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News In Brief: Early June Edition

News In Brief: Early June Edition

Published June 15, 2012

June began on an optimistic note as the Pig Farmers’ Society of Iceland announced that it was going to create two organic, free-range pig farms, a welcome change from an organisation that said last year that it would be prohibitively expensive to forego factory farming Iceland’s pigs. As an added bonus, the general public is welcome to visit these farms to pet the pigs. So if you’ve ever wondered what it’s like to pet a pig, now’s your chance.
The idea of creating an undersea power cable exporting electricity from Iceland to the UK has also gained more traction, as British Energy Minister Charles Hendry visited Iceland to sign a willingness agreement supporting the plan. Former director of Norwegian power company Statnett, Odd Håkon Hoelsæter, told reporters that he thought the plan was realistic and could be good for Iceland in the long run.
On the election front, the presidential debates conducted by television station Stöð 2 caused a great deal of controversy. The station originally invited only sitting president Ólafur Ragnar Grímsson and his most viable opponent, Þóra Arnórsdóttir. Þóra then refused to participate unless the four other candidates were invited, and so the station extended the invite.   However, when the candidates got wind of the station’s intention to pair them together in separate debates, three of the presidential candidates, Andrea Ólafsdóttir, Hannes Bjarnason, and Ari Trausti Guðmundsson, refused to take part. Although Herdís Þorgeirsdóttir said she disagreed with the station’s set up, she decided to stay and so the three candidates stood behind two lecterns. It didn’t get any better from there, and media analyst Egill Helgason remarked that “there has hardly been a more embarrassing television show in Iceland.” Anyone familiar with Iceland’s television history will know that that is a fairly harsh condemnation.
In other extraordinary events, Venus moved across the Sun, and was visible from Iceland and other parts of the Earth where the sun still shines between 22:00 and 4:00. Some 1,500 Icelanders observed the event from Öskjuhlíð, home of Reykjavík landmark and revolving restaurant Perlan. This crossing happens roughly once every 243 years.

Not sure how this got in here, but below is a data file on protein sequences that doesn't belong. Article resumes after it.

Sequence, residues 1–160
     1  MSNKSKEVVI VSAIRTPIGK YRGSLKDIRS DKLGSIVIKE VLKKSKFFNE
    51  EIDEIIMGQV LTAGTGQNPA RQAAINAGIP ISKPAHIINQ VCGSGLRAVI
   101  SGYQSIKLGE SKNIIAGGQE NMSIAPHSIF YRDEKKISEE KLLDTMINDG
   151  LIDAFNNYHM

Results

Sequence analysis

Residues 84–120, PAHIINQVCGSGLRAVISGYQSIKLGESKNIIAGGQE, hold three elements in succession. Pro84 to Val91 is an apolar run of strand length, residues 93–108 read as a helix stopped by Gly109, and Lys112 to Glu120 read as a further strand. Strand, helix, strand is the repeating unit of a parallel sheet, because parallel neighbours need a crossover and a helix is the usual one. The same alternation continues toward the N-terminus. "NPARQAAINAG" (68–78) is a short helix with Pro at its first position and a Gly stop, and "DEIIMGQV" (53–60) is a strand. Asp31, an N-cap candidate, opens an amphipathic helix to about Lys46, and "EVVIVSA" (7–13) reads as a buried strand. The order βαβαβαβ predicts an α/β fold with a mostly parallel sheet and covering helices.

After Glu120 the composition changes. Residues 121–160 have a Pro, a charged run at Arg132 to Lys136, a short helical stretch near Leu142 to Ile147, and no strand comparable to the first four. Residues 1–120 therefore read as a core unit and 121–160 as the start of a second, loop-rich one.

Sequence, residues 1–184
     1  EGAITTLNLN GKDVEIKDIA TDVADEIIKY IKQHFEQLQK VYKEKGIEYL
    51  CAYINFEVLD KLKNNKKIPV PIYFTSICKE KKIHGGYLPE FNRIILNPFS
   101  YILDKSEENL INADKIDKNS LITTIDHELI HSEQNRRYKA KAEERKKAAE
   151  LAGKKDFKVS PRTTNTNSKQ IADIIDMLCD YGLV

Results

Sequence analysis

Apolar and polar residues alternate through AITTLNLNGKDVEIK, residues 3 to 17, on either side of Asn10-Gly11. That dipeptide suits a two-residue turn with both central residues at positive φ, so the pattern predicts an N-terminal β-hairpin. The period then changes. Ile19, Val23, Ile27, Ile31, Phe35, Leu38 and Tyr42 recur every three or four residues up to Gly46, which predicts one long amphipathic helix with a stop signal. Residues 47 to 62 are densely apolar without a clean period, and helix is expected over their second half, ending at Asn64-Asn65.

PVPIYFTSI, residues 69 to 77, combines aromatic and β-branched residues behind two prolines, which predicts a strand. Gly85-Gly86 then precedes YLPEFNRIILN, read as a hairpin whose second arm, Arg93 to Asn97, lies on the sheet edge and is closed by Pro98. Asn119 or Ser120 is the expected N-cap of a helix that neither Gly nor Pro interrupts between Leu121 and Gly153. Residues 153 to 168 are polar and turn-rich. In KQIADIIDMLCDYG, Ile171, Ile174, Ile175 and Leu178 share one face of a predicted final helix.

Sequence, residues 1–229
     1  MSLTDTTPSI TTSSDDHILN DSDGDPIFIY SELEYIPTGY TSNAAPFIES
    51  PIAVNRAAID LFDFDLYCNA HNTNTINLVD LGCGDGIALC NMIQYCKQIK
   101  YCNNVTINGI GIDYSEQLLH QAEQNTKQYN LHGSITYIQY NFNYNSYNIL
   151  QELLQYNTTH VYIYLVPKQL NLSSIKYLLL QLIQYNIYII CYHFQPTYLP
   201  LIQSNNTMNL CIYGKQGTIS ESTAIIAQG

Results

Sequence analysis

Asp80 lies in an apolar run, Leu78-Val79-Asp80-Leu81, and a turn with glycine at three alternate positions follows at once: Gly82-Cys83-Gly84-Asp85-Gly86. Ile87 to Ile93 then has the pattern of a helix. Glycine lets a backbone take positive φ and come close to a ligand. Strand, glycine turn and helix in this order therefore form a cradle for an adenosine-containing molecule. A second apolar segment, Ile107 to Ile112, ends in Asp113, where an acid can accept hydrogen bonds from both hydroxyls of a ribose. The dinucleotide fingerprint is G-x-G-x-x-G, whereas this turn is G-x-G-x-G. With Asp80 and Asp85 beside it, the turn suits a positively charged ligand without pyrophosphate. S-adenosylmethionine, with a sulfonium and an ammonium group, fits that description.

Back on Earth, Grapevine’s Byron Wilkes recorded a video of a security guard assaulting a man at the Hlemmur bus station, which sparked the attention of the rest of the Icelandic media. The guard, who has been fired, contended that the man in question had threatened his family with violence, but expressed regret for losing control of himself. The victim of the assault claims that he was attacked unprovoked, and plans to press charges against the guard.
There has been bad blood between these two guys ever since either a) a friend of the assault victim spat her dentures at the security guard and then stepped on them, or b) the security guard shook the assault victim’s friend so hard that her dentures fell out, upon which he stepped on them himself. Which of these stories is the case depends on whom you ask.
Ship horns sounded all day long from the Reykjavík harbour as fisheries, ship owners, fishermen and related parties protested a proposed increase in their fishing fees and other changes to the quota system. They claim that raising these taxes will force them to take the difference out of the pay checks of the fishermen they employ.         However, many have pointed out that the more important point is that the quota system itself needs to be changed (which is what the government is proposing, although not to the satisfaction of all parties involved) and that the fisheries could very well take a cut in profit without having to make up for it through the fishermen’s wages.
Speaking of fish, two former financiers were sentenced to four and a half years in prison for fraud. Byr Savings Bank Chairman Jón Þórsteinn Jónsson and the lender’s ex-CEO Ragnar Zophonías Guðjónsson allegedly lent money to Exeter, which in turn used the money to buy shares in Byr. The Supreme Court ruled that this was a case of blatant fraud, handing down a sentence that could be given to others in its wake. So far, no tycoons have been spotted trying to flee justice, but hey, you never know. The year’s only half over.  



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Two Days Of Criminal Activity

Two Days Of Criminal Activity